Over these millennia Indigenous people of Australia have sustainably managed their lands, waters and natural resources for the health of their Countries and their peoples. Our traditional ecological knowledge, like our stories, are passed down from generation to generation and continue up until this day. This allowed us to live in a symbiotic relationship with the land and water. We used it, we lived from it, we nurtured it. Our use was sustainable, and continues so today, where it can.
It is through the survival of, our stories such as this, our culture, and our traditional ecological knowledge, that my people have been able live in the driest inhabited continent on earth for tens of thousands of years, or since our Dream Time.
Phil’s presentation is about showcasing the need to include Indigenous peoples in the management of our freshwater environments to ensure the long term sustainability of fish populations, aquatic habitats and the protection of sites that have significant cultural heritage relevance to Indigenous peoples. The case study highlighted in my presentation is related to the construction of a fish ladder for fish migration on the Brewarrina weir and the significant need to ensure the consultation process with the Traditional Owners, the Ngemba people, the Brewarinna Local Aboriginal Land Council and the range of key stakeholder groups, are carried out in an inclusive manner that is also culturally appropriate. It also highlights how the project management group negotiated the pathway to ensuring that the Ngunnhu were not impacted on and the construction of the fish ladder was designed around keeping the Ngunnhu working for cultural education and tourism.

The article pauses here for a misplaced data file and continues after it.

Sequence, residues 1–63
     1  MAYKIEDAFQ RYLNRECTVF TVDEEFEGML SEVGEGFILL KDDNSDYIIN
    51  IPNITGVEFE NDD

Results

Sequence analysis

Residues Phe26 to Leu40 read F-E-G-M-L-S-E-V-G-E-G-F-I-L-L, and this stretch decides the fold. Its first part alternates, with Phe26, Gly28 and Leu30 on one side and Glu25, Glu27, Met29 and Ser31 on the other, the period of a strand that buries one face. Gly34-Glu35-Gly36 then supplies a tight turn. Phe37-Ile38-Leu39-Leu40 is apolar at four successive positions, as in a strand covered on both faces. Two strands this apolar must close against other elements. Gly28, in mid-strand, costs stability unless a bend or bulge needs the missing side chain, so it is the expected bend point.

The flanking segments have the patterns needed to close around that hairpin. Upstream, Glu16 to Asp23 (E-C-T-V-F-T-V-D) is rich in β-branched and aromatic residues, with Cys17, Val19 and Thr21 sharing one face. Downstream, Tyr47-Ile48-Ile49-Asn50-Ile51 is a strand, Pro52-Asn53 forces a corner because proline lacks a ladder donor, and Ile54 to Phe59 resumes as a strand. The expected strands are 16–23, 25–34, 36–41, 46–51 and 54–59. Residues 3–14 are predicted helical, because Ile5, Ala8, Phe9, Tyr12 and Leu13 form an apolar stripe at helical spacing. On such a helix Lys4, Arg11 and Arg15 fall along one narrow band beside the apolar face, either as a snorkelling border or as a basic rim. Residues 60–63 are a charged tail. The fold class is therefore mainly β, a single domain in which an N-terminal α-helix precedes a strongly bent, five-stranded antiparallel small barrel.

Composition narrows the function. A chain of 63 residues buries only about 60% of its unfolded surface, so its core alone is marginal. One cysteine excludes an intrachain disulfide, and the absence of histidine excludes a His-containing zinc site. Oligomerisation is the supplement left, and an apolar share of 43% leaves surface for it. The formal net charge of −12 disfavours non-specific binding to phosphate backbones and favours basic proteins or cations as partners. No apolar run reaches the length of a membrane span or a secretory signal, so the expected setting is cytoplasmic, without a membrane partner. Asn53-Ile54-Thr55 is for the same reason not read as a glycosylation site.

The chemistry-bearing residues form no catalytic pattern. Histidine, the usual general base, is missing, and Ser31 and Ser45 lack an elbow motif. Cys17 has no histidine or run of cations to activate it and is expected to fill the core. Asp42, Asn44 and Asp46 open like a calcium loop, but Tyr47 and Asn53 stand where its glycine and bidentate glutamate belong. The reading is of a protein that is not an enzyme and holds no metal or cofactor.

Working with Indigenous people and engaging them affords them the opportunity to be involved in carrying out their responsibility to care for their country.